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Longman Dictionary of Contemporary English
▪ an impromptu performance
▪ Jem's impromptu speech met with thunderous applause.
▪ We finished the day with an impromptu game of football in a nearby field.
▪ But if friends descended, would you be ready to rustle up an impromptu supper?
▪ But in the final hour he did deliver the goods, taking impromptu questions from the audience.
▪ From that point, the forum became an impromptu tribute to Jim Maier.
▪ He had failed because of a lack of talent for impromptu speaking, considered essential for the task he was contemplating.
▪ I could then have pretended to notice him for the first time and have engaged him in conversation in an impromptu manner.
▪ Schwarm disputed the witness' story last week in an impromptu press conference outside court.
▪ The drunken revel of the Roman leaders has the right air of impromptu festivity.
▪ The remarks of both Clintons were, at least in part, impromptu.
The Collaborative International Dictionary

Impromptu \Im*promp"tu\, adv. or a. [F. impromptu, fr. L. in promptu in readiness, at hand; in in + promptus visibility, readiness, from promptus visible, ready. See Prompt.] Offhand; without previous study; extemporaneous; extempore; as, an impromptu verse.


Impromptu \Im*promp"tu\, n.

  1. Something made or done offhand, at the moment, or without previous study; an extemporaneous composition, address, or remark.

  2. (Mus.) A piece composed or played at first thought; a composition in the style of an extempore piece.

Douglas Harper's Etymology Dictionary

1660s (adv.), 1764 (adj.), from French impromptu (1650s), from Latin in promptu "in readiness," from assimilated form of in- "into, in, on, upon" (see in- (2)) + promptu, ablative of promptus "readiness," from past participle of promere "to bring out," from pro- "before, forward, for" + emere "to obtain" (see exempt).


a. improvise; without prior preparation, planning or rehearsal; extemporaneous; unplanned. n. 1 (context music English) a short musical composition for an informal occasion often with the character of improvisation and usually to be played solo. 2 any composition, musical or otherwise, that is created on the spot without preparation.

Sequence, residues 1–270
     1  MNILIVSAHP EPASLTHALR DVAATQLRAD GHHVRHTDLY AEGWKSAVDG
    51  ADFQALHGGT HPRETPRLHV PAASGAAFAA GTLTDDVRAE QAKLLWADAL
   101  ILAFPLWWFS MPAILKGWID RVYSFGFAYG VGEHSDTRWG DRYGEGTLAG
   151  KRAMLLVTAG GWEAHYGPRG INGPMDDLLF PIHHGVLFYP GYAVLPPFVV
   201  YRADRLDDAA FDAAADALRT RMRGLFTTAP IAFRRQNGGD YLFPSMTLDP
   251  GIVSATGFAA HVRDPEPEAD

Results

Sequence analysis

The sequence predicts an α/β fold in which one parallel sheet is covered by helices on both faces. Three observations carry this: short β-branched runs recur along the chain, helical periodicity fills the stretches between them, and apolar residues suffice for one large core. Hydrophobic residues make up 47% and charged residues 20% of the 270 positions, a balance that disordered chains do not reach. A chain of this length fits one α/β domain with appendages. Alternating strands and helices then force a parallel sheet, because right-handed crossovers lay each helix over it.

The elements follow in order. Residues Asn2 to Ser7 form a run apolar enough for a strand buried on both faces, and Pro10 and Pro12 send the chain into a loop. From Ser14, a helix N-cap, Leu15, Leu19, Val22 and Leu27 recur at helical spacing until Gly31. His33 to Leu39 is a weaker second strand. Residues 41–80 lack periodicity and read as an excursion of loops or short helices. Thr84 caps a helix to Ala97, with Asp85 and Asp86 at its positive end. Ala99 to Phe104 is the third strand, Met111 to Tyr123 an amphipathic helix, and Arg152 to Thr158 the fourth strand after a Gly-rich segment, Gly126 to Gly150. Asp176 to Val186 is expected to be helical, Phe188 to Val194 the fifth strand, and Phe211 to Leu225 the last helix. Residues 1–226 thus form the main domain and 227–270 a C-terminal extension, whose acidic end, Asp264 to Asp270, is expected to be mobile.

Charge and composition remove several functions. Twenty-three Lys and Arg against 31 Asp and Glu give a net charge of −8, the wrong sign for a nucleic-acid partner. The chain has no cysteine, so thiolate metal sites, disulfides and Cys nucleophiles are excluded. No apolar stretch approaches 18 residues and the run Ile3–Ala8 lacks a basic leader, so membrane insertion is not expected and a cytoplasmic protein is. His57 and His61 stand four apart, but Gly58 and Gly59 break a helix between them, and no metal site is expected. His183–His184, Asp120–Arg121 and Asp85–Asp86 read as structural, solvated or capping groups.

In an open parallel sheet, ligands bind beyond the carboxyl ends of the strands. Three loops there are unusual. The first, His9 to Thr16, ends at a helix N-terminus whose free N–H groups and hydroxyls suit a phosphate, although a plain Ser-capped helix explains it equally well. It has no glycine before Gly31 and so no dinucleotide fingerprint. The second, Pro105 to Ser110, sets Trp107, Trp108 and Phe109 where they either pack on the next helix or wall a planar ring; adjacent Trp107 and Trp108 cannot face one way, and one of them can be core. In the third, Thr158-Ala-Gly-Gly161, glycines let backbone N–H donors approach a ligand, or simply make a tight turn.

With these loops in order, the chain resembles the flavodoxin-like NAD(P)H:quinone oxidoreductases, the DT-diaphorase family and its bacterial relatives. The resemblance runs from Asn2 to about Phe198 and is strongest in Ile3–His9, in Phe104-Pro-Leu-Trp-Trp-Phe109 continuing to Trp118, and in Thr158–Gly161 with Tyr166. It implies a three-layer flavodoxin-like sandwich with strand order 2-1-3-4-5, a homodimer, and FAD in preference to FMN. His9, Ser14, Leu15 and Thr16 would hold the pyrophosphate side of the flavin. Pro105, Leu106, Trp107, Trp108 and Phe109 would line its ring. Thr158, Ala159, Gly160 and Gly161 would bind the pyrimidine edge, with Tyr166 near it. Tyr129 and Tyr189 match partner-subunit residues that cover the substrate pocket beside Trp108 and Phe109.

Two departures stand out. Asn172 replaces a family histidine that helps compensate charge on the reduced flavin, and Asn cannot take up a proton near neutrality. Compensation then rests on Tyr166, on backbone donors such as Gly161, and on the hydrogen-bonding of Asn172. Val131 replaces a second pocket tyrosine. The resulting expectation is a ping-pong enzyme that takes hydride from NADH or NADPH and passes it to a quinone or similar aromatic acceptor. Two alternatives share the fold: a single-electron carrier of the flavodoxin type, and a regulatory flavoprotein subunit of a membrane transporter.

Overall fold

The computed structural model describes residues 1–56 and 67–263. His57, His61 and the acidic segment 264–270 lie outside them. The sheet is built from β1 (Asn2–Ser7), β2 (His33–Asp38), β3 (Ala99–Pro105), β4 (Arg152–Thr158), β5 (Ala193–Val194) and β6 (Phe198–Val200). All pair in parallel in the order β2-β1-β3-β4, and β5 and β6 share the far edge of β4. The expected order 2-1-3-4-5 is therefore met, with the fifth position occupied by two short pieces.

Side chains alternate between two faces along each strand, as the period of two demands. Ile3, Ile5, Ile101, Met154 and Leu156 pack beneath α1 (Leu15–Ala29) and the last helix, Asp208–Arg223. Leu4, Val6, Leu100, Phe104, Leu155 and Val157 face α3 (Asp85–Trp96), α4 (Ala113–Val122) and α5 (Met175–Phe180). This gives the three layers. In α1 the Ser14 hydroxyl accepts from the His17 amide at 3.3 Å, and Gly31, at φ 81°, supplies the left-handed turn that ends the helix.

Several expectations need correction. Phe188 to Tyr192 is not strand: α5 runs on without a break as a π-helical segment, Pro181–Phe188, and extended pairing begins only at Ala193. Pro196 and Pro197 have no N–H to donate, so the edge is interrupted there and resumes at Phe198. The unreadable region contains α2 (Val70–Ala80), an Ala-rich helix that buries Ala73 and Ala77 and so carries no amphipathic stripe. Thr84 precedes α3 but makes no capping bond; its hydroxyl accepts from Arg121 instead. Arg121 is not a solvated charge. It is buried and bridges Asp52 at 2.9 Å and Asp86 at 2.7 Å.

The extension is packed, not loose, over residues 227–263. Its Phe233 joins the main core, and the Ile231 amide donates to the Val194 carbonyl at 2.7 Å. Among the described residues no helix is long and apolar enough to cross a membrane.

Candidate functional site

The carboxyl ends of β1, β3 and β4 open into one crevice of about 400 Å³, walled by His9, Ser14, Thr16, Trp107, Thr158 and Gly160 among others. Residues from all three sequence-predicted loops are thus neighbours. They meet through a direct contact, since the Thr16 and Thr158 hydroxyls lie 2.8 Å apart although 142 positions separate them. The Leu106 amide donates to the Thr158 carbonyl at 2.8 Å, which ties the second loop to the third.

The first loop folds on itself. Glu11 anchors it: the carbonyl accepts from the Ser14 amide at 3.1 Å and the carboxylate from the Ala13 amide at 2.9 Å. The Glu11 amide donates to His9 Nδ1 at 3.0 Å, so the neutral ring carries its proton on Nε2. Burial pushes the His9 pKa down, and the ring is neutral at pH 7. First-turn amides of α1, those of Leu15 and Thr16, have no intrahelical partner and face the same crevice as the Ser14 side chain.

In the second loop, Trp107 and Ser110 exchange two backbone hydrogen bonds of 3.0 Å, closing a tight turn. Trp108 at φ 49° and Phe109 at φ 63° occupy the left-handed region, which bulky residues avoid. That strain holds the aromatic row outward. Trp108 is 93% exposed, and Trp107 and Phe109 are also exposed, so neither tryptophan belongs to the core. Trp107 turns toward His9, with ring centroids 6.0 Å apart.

1. adj. with little or no preparation or forethought; "his ad-lib comments showed poor judgment"; "an extemporaneous piano recital"; "an extemporary lecture"; "an extempore skit"; "an impromptu speech"; "offhand excuses"; "trying to sound offhanded and reassuring"; "an off-the-cuff toast"; "a few unrehearsed comments" [syn: ad-lib, extemporaneous, extemporary, extempore, offhand, offhanded, off-the-cuff, unrehearsed]

  2. n. an extemporaneous speech or remark; "a witty impromptu must not sound premeditated"

  3. a short musical passage that seems to have been made spontaneously without advance preparation

  4. adv. without advance preparation; "he spoke ad lib" [syn: ad lib, ad libitum, spontaneously]

Impromptu (1991 film)

Impromptu is a 1991 British-American period drama film directed by James Lapine, written by Sarah Kernochan, produced by Daniel A. Sherkow and Stuart Oken, and starring Hugh Grant as Frédéric Chopin and Judy Davis as George Sand. The film was shot entirely on location in France as a British production by an American company. The main location used was at the Chateau des Briottières outside of Angers, in the Loire Valley.


An impromptu (, , loosely meaning "offhand") is a free-form musical composition with the character of an ex tempore improvisation as if prompted by the spirit of the moment, usually for a solo instrument, such as piano. According to Allgemeine musikalische Zeitung, Johann Baptist Cramer began publishing piano pieces under the (sub-)title of "impromptu." (AMZ, Mar. No II, 1815, col. 6), which seems to be the first recorded use of the term impromptu in this sense.